New In Store: Merwin & More

Nothing makes us happier here at Malvern than frantically tearing open carefully unpacking a shipment of lovely new books—and these recent arrivals from Copper Canyon Press certainly produced an immoderate amount of booksellers’ glee. Copper Canyon have been publishing poetry since 1972, and their titles include renowned and emerging American poets, poetry in translation, anthologies, and re-issues of classic collections. Let’s take a look at the cream of the Copper now gracing our shelves…

New Books 1

The Moon before Morning by W.S. Merwin ($24; hardback)—a stunning new collection from our seventeenth Poet Laureate. Lyrical, elegant, and transcendent, the poems in this volume suggest that, at the age of eighty-six, two-time Pulitzer Prize winner Merwin is writing some of the best poetry of his life.

Upgraded to Serious by Heather McHugh ($22; hardback)—McHugh’s eighth collection was honored as a “Book of the Year” by Publishers Weekly. These poems are frank and funny, full of fast-paced banter and linguistic acrobatics.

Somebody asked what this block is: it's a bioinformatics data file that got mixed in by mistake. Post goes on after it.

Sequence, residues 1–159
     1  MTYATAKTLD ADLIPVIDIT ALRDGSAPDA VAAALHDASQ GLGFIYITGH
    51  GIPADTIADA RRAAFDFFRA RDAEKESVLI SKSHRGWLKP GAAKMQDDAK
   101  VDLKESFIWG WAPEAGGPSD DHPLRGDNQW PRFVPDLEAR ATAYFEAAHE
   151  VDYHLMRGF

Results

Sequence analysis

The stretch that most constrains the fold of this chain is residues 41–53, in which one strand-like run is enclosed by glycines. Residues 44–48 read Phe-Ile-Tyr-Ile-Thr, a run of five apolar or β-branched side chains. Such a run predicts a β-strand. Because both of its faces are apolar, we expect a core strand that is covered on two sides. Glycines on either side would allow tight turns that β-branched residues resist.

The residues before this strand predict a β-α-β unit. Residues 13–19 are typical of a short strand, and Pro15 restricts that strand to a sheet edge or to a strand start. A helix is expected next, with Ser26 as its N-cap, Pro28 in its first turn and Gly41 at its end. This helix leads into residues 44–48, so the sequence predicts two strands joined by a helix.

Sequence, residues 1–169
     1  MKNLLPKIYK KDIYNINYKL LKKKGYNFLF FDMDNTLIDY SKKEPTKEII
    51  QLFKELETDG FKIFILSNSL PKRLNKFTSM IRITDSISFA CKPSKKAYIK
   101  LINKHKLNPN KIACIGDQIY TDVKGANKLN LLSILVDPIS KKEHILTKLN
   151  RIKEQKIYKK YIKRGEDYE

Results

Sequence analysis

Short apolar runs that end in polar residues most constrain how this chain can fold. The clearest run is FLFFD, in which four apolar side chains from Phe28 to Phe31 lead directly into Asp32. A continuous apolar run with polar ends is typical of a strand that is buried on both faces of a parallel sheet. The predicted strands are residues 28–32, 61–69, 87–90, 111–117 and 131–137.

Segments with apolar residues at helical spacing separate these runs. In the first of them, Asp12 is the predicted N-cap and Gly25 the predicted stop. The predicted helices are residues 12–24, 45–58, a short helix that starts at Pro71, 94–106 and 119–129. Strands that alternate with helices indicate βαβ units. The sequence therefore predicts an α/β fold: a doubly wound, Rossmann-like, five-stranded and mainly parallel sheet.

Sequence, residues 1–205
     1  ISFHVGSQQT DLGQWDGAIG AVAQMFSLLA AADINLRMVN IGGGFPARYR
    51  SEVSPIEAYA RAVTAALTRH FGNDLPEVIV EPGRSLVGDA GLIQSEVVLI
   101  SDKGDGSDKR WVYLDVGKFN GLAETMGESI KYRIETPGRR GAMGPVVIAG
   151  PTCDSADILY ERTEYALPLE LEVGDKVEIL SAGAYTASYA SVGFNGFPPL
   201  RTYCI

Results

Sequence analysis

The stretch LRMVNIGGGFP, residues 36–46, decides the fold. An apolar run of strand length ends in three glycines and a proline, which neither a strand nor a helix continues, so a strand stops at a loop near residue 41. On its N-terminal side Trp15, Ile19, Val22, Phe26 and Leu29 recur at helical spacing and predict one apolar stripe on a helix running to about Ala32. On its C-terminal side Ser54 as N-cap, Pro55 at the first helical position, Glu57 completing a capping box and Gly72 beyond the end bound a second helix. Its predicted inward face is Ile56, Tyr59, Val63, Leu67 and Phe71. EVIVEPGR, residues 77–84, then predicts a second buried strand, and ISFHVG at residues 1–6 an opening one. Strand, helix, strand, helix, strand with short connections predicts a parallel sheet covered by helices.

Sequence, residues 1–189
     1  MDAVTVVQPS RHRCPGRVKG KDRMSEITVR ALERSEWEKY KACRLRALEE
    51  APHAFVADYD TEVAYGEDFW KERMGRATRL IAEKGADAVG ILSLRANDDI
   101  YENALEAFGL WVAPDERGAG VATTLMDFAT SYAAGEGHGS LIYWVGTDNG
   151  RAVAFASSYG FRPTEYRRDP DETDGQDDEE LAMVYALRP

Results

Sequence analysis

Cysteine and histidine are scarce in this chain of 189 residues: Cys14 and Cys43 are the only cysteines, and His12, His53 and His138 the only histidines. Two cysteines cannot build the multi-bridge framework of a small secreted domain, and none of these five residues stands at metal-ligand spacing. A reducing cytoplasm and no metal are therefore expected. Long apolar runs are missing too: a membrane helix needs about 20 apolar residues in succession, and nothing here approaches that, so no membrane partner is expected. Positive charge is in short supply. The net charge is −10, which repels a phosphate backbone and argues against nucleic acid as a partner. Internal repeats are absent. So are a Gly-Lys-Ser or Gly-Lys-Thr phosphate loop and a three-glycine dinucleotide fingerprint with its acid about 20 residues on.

Radio Crackling, Radio Gone by Lisa Olstein ($15; paperback)—winner of Copper Canyon’s 2005 Hayden Carruth Award for New Emerging Poets, Radio Crackling creates a dreamscape filled with paradox and uncertainty, and guides the reader through this eerie world with remarkable intelligence and energy.

New In 2

Human Dark with Sugar by Brenda Shaughnessy ($15; paperback)—winner of the James Laughlin Award for the best second book of poems by an American poet (no sophomore slump here!), Human Dark with Sugar shuns sentimentality in favor of forthright, sexy, self-aware verse that somehow feels both playfully improvisational and assiduously controlled.

Crow with No Mouth by Ikkyū ($14; paperback)—Fifteenth-century Zen master Ikkyū Sojun only lasted nine days as headmaster of the great temple at Kyoto… and when he quit he invited his fellow monks to look for him in the sake parlors of the Pleasure Quarters. His short poems are as bawdy and robust as you’d expect from an iconoclastic ex-monk who despised authority and revered erotic love.